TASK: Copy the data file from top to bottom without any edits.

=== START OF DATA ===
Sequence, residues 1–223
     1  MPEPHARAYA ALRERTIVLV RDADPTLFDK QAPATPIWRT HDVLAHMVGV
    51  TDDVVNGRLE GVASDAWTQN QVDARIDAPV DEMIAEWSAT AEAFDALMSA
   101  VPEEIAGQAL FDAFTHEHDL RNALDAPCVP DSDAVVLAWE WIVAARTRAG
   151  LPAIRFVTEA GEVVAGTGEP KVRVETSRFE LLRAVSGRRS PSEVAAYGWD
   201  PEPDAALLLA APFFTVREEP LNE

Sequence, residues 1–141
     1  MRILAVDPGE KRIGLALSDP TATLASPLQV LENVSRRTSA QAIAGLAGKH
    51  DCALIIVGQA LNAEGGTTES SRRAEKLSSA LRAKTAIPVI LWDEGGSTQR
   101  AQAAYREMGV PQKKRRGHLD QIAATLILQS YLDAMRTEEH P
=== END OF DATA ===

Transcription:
Sequence, residues 1–223
     1  MPEPHARAYA ALRERTIVLV RDADPTLFDK QAPATPIWRT HDVLAHMVGV
    51  TDDVVNGRLE GVASDAWTQN QVDARIDAPV DEMIAEWSAT AEAFDALMSA
   101  VPEEIAGQAL FDAFTHEHDL RNALDAPCVP DSDAVVLAWE WIVAARTRAG
   151  LPAIRFVTEA GEVVAGTGEP KVRVETSRFE LLRAVSGRRS PSEVAAYGWD
   201  PEPDAALLLA APFFTVREEP LNE

Sequence, residues 1–141
     1  MRILAVDPGE KRIGLALSDP TATLASPLQV LENVSRRTSA QAIAGLAGKH
    51  DCALIIVGQA LNAEGGTTES SRRAEKLSSA LRAKTAIPVI LWDEGGSTQR
   101  AQAAYREMGV PQKKRRGHLD QIAATLILQS YLDAMRTEEH P